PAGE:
S at the end of this episode, stick around because I'm going to share with you how you can get access to the video interview with Ashley, along with all of the 10 interviews that I did with business owners that you definitely want to keep in your back pocket. The ideas that were shared on this summit alone can help you really start to expand your business, see your business in a new capacity, and even offer new products and services you may not have thought about. And at the end, I'm going to share with you where you can get access to all of those interviews for free. So stick around. And now my friends without further ado, I invite you to turn up the volume. Take a listen and take action on this episode. Once you've listened, definitely come over to our website where all the greatest conversations take place over at www.yongpratt.com/280. Tell us your biggest takeaways and most importantly, tell us your actions steps because this series, in particular, is about action taking. We're not able to make changes in our business without taking action and putting one foot in front of the other. So come on over, join the conversation www.yongpratt.com/280. And I will catch you after the episode. Enjoy.

It's day number four of the Creativity and Resiliency in Small Business Summit. I'm your host, Yong Pratt. And it's my great pleasure today to welcome Ashley DeLuca to the summit and we are going to talk all things email marketing. So if you haven't started an email list, or you kind of have one or you have no idea what we're talking about today is for you. Ashley, I'm so glad we connected through a mutual friend. I'm excited to have you here on the summit. Welcome.

Ashley K DeLuca 3:55
Oh my gosh, thank you so much for having me. I'm super pumped to be here.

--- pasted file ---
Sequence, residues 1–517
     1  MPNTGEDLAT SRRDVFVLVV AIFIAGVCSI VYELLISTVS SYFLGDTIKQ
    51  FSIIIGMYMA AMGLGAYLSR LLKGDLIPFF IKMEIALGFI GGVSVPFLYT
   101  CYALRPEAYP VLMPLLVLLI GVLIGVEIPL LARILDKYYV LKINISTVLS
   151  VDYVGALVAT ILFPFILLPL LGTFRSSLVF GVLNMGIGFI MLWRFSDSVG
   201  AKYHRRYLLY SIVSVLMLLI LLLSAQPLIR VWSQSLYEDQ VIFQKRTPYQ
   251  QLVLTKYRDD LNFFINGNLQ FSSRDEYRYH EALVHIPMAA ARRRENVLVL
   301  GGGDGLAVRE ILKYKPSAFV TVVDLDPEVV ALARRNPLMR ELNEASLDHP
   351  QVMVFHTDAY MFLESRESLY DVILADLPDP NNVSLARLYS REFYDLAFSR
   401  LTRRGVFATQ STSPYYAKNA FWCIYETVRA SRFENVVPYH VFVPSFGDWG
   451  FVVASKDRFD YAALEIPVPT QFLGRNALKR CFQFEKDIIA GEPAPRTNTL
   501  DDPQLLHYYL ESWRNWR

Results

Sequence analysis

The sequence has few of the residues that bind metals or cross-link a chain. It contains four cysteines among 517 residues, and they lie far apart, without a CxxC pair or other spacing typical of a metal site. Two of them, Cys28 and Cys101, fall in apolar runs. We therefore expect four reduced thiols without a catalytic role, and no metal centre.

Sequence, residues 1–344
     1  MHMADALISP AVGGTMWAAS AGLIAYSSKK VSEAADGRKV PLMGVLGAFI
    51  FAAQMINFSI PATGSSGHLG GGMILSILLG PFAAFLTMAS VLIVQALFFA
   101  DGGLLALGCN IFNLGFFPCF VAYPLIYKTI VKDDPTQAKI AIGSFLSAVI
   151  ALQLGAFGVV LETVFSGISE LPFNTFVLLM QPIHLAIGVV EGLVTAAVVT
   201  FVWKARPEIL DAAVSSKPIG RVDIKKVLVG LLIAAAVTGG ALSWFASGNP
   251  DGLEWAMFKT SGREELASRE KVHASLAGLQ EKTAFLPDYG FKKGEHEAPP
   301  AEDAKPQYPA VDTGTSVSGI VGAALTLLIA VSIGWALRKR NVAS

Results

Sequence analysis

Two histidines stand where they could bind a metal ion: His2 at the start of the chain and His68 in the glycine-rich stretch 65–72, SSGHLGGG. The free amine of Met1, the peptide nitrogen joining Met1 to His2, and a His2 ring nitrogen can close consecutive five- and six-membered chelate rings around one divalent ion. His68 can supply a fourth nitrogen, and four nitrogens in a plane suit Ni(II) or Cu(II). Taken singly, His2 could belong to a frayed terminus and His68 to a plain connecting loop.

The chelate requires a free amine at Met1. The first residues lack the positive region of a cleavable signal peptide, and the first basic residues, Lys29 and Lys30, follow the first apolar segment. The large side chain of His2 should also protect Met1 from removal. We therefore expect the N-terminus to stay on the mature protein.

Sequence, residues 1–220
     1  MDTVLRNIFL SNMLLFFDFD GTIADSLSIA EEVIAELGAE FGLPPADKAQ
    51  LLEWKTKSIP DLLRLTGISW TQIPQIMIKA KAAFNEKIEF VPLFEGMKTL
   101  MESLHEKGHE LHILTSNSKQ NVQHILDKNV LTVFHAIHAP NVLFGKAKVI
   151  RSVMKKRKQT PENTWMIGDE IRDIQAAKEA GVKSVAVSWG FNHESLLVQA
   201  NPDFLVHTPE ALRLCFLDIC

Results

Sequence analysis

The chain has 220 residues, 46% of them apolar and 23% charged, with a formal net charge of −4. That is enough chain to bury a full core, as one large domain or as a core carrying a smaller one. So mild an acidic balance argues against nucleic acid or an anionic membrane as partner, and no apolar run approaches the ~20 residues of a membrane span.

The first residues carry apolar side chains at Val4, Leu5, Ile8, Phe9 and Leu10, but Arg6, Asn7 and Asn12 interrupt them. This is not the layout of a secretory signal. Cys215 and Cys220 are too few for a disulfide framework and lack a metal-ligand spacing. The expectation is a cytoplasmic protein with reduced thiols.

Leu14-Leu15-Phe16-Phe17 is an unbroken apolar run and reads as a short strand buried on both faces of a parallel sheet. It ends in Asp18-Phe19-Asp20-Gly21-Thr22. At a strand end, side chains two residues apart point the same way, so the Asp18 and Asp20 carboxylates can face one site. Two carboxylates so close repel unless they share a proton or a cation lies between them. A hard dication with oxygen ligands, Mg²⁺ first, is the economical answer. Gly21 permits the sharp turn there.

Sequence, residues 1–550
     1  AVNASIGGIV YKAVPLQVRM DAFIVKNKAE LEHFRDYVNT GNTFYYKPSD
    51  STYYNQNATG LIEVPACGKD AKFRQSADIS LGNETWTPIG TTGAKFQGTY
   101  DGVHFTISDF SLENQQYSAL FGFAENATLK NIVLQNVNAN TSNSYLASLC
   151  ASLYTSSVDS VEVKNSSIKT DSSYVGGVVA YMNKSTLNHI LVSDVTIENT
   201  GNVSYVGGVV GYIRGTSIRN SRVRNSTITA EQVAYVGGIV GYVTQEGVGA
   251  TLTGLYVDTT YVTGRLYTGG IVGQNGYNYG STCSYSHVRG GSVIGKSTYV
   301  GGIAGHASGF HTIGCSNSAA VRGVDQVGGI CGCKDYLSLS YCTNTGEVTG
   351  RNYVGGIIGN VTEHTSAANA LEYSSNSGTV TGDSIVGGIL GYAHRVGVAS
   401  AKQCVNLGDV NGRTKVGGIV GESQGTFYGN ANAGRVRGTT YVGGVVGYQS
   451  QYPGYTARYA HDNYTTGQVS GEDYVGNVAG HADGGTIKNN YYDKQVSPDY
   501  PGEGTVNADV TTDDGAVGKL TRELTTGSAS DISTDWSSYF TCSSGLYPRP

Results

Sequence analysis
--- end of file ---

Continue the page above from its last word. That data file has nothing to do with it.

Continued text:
Yong Pratt 4:00
So tell us a little bit more about what you do and how you serve the world.

Ashley K DeLuca 4:05
Oh my gosh, yes. So I mean, Hey, guys, hello. Oh my gosh. My name is Ashley DeLuca. And I am an email marketing strategist. So I help coaches and educators create a stream of pre-sold leads using powerful weekly emails that are really focused on being able to connect and convert your audience.

Yong Pratt 4:27
That is so great because I know that personally, I have gone through ups and downs with email marketing, some highs, where I really love it. And sometimes it's like, ehhh. I don't know what to write to my list this week. I am working on that, because it's definitely a skill like anything else in business. I mean, it's just something that we have to, to incorporate. So I want to take a step back and talk about what is email marketing and why do business owners not just online business owners, why do all this business owners need one?

Ashley K DeLuca 4:59
Definitely. So for me, I think of email marketing a little bit differently than most. But for me, email marketing is about having a conversation. Just like if you were to sit down and have a coffee chat with your ideal client. Something that's really important to me is the fact that you're building relationships and that also really helps with the feeling of not feeling really salesy and icky and gross and all the good stuff. And you know, the thing is, is that you know, we're on Facebook right now, and I absolutely love Facebook, Facebook's , my jam. But if Facebook goes away tomorrow, like especially with everything going on in the world as if even just today, you know, things have just drastically changed. And so you know, Facebook could be gone tomorrow. Instagram could pop off this world. Like, who knows what's going to happen. So we want to make sure that you have a way to connect with your audience, that you have a tangible way of having their information, which is through sharing their name and their email list.